The ideal positioning of cells in a tissue engineering construct would include
placing odontoblastoid cells around the periphery to maintain and repair
dentin, with fibroblasts in the pulp core supporting a network of vascular and
Three-Dimensional Cell Printing
08/13/13 73YES YES WHY
Theoretically, the disadvantage of
using the three-dimensional cell printing technique is that careful orientation
of the pulp tissue construct according to its apical and coronal asymmetry
would be required during placement into cleaned and shaped root canal
However, early research has yet to show that three-dimensional cell printing
can create functional tissue in vivo
08/13/13 74YES YES WHY
The year 2003 marked a major milestone in the realm of genetics and
That year marked the 50th anniversary of the discovery of the double-helical
structure of DNA by Watson and Crick.
On April 14, 2003, 20 sequencing centers in five different countries
declared the human genome project complete.
This milestone will make possible new medical treatments involving gene
08/13/13 75YES YES WHY
All human cells contain a 1-m strand of DNA containing 3 billion base
pairs, with the sole exception of nonnucleated cells, such as red blood
The DNA contains genetic sequences (genes) that control cell activity and
function; one of the most well known genes is p53
New techniques involving viral or nonviral vectors can deliver genes for
growth factors, morphogens, transcription factors, and extracellular
matrix molecules into target cell populations, such as the salivary gland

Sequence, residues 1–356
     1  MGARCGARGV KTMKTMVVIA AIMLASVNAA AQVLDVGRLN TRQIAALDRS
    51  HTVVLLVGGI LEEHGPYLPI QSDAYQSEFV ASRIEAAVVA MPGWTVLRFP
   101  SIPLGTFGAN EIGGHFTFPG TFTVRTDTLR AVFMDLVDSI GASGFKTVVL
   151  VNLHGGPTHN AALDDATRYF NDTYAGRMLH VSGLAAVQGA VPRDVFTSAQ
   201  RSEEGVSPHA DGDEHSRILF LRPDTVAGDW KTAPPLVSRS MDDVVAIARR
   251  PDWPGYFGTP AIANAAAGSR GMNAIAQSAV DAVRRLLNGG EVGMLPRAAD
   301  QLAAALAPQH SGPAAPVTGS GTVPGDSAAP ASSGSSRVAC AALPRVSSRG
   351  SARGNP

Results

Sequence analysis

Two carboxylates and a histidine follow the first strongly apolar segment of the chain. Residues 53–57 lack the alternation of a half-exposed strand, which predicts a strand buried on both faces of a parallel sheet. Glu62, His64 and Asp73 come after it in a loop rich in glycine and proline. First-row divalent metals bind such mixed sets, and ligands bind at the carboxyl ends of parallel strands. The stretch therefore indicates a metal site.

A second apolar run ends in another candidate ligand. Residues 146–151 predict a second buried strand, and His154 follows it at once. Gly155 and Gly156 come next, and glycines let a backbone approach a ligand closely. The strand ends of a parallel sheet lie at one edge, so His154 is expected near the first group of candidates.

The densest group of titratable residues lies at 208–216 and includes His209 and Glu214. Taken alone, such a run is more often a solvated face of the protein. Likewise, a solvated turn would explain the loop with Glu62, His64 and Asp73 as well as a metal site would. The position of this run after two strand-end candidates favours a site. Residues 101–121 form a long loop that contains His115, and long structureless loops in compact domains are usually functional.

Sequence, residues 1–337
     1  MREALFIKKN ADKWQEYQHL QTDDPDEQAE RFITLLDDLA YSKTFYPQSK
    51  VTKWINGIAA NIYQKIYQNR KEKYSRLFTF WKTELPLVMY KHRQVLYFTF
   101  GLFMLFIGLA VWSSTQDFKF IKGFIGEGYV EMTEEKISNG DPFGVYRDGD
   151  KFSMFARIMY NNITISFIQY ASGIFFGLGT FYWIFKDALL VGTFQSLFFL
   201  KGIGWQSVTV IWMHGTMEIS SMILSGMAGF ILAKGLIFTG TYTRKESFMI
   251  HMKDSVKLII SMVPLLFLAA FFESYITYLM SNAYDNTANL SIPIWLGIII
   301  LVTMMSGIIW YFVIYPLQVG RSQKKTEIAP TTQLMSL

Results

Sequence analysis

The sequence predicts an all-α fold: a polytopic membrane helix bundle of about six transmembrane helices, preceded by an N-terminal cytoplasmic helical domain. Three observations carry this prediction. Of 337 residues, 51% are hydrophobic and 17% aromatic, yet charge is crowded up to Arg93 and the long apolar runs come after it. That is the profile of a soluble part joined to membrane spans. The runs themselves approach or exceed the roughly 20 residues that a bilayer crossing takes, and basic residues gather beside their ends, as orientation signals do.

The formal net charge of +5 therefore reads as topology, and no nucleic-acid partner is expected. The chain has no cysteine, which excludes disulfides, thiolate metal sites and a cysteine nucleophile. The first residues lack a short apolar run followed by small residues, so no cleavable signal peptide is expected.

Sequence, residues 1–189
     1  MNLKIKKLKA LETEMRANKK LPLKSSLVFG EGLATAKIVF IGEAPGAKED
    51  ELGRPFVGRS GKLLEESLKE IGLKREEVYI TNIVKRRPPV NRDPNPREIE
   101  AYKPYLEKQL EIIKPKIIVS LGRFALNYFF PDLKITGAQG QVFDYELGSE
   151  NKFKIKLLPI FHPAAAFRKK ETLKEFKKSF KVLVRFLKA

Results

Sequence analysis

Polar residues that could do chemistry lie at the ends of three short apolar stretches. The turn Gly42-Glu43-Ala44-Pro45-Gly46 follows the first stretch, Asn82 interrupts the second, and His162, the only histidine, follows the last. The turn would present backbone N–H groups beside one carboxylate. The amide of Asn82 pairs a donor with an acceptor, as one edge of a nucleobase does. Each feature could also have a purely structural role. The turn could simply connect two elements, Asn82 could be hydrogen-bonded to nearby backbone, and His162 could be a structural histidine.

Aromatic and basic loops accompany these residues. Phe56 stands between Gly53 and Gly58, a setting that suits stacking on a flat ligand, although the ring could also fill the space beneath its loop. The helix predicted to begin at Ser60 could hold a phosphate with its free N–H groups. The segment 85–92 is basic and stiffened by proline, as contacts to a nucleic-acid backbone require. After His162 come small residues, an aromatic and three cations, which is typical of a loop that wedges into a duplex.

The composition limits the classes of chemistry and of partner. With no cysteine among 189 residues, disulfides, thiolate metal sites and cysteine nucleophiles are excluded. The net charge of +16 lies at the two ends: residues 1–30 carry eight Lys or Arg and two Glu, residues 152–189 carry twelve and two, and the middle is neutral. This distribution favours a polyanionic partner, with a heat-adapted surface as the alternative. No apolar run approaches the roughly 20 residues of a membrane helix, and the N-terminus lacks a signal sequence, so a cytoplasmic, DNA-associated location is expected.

08/13/13 76YES YES WHY
Viral vectors are modified to avoid the possibility of causing disease, but still
retain the capacity for infection. Several viruses have been genetically
modified to deliver genes, including
herpes simplex virus, and
Nonviral gene delivery systems include plasmids, peptides,
gene guns, DNA-ligand complexes,
electroporation, sonoporation, and cationic liposomes
08/13/13 77YES YES WHY
a literature search indicates there has been little or no research in this field,
except for the work of Rutherford
He transfected ferret pulps with cDNA-transfected mouse BMP-7 that failed
to produce a reparative response
The FDA did approve research into gene therapy involving terminally ill
humans, but approval was withdrawn in 2003 after a 9-year-old boy
receiving gene therapy was found to have developed tumors in different
parts of his body
Stolberg SG. Trials are halted on gene therapy: child in experiment
falls ill: new setback for research. NY Times 2002;A1, A25.
08/13/13 78YES YES WHY
A Call to Action: Research Priorities for Developing
Regenerative Endodontic Techniques
Improved Methods to Disinfect and Shape Root Canal Systems
The majority of the available evidence suggests that necrotic and infected
tooth pulp does not heal.
Therefore, in the foreseeable future, it will be necessary to disinfect the
root canal systems and remove infected hard and soft tissues before
using regenerative endodontic treatments.